Andrew Stengel, Albany Government Law Review Member
In a recent post, Horsing Around with Conservation, I explored whether a carousel planned for a park in Brooklyn, New York, violated the terms of a federal Land and Water Conservation Fund (“LWCF”) grant and New York State law. I concluded that the carousel likely violated both. A second issue, which concerns Empire Fulton Ferry Park (“EFFP”), the same nine-acre park covered in the same LWCF grant, involves an important historical structure called the Tobacco Warehouse.
There are actually two historic structures within EFFP, the Empire Stores, a four-story brick building, built in 1869, and the Tobacco Warehouse, a roofless, four-walled brick structure from the same era. The Empire Stores, which is roofed, is part of the Endangered Buildings Initiative of the New York Landmarks Conservancy. The roofless Tobacco Warehouse, however, is used as “an outdoor venue for exhibits and entertainment” that is open to the public when not rented for private use.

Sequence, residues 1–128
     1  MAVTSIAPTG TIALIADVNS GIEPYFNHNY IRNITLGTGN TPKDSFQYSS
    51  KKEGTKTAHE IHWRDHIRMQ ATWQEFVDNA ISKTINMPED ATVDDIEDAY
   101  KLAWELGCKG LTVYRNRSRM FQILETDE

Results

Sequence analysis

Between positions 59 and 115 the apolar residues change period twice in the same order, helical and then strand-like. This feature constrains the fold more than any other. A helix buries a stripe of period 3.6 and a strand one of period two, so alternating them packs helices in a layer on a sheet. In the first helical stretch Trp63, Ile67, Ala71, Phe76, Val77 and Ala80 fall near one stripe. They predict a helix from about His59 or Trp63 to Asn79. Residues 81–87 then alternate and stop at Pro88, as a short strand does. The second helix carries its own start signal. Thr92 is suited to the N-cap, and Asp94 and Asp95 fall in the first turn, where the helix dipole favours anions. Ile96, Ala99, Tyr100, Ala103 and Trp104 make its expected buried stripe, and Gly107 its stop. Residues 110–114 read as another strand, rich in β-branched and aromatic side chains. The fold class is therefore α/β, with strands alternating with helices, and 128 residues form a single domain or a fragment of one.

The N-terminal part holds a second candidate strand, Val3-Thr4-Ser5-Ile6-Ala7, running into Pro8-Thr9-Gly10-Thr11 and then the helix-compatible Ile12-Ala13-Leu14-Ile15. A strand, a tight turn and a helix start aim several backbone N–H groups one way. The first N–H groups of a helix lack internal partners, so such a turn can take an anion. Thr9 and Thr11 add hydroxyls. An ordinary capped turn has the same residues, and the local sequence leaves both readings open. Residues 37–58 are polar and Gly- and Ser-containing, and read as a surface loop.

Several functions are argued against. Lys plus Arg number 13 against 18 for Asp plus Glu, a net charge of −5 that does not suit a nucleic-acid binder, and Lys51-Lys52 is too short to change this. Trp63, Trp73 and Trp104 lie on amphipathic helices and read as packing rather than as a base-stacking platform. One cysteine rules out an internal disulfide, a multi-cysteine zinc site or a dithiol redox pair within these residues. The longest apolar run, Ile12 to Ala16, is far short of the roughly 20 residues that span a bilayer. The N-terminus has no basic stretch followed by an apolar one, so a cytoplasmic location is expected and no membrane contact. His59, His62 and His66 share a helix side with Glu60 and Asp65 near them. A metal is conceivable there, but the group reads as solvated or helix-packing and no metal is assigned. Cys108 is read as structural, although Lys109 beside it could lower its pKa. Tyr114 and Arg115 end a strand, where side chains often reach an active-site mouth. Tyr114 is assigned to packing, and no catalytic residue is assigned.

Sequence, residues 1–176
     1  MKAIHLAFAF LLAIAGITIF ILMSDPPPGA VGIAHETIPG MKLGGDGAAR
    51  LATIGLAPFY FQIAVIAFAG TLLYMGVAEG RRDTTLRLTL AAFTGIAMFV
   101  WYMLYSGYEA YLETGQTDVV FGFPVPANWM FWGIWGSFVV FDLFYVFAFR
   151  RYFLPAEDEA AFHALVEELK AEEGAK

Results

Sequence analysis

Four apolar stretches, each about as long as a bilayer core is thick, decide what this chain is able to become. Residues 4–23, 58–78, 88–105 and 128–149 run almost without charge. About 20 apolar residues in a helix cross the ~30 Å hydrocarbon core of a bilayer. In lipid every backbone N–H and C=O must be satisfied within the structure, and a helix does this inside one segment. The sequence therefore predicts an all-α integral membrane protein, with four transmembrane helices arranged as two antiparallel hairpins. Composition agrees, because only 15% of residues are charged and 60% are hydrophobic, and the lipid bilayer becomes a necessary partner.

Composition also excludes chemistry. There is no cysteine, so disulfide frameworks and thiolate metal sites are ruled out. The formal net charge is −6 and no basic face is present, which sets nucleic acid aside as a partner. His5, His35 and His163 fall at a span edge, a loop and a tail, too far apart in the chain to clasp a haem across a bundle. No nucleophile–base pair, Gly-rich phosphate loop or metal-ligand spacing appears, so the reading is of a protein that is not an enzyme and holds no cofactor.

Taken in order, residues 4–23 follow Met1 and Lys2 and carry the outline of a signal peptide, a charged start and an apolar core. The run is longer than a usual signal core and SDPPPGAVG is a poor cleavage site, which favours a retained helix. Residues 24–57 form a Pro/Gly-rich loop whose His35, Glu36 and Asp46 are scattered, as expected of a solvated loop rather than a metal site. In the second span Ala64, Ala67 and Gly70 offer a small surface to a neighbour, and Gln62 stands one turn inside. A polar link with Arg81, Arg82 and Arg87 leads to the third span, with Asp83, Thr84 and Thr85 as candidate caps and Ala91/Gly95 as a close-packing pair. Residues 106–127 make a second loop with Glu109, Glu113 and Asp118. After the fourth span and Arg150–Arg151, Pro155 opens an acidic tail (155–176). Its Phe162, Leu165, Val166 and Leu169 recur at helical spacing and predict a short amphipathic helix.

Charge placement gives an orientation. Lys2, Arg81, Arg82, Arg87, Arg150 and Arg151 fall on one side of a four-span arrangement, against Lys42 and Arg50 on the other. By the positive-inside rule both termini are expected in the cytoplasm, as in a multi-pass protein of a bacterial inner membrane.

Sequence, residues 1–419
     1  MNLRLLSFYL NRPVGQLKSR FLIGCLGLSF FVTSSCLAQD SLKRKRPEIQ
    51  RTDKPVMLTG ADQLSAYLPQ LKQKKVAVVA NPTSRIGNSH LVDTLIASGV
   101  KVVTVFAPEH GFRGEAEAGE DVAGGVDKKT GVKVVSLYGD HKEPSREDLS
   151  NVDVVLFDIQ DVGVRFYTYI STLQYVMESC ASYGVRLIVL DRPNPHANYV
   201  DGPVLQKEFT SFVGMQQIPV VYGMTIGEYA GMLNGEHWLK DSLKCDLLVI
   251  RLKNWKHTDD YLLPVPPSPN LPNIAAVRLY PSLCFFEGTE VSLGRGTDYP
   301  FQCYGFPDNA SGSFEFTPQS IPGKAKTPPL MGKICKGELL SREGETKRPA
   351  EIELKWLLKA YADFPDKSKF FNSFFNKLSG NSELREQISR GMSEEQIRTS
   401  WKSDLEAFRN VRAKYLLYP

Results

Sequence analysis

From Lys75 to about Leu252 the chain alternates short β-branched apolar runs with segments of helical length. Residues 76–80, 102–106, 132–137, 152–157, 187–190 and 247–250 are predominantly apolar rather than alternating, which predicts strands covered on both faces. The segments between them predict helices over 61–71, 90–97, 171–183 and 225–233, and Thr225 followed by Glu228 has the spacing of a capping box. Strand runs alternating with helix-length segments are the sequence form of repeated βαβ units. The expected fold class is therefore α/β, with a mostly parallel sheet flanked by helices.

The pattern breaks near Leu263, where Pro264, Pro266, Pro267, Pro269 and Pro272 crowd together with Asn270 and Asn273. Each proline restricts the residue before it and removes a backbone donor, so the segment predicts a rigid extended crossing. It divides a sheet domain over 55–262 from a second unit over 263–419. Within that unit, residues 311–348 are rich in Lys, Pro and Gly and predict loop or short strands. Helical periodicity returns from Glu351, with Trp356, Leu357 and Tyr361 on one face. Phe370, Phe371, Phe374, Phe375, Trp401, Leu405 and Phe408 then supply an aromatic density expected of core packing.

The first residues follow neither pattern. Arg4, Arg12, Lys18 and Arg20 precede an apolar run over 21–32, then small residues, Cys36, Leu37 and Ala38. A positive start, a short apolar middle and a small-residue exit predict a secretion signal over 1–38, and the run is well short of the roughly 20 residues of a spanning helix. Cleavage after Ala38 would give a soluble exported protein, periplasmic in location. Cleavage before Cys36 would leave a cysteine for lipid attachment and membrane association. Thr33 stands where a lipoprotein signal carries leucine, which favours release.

In 2001, National Parks Service (“NPS”) approved a LWCF grant in the amount of $275,525 for the Cove Area Improvement in EFFP. Unexplored in my previous post is the original boundary map for the LWCF grant, which incorporated all of EFFP including the Empire Stores and Tobacco Warehouse. The map detailed the area covered by the grant, which, like all LWCF projects, included an assurance in perpetuity that the land and real property contained within will not be converted. However, on November 5, 2008, the New York State Office of Parks, Recreation, and Historic Preservation (“OPRHP”) wrote to NPS to request that the park’s boundary map be amended. The OPRHP letter stated: “These former warehouse buildings [the Empire Stores and Tobacco Warehouse] are not suitable for nor used by the public for outdoor recreational opportunities in the park.”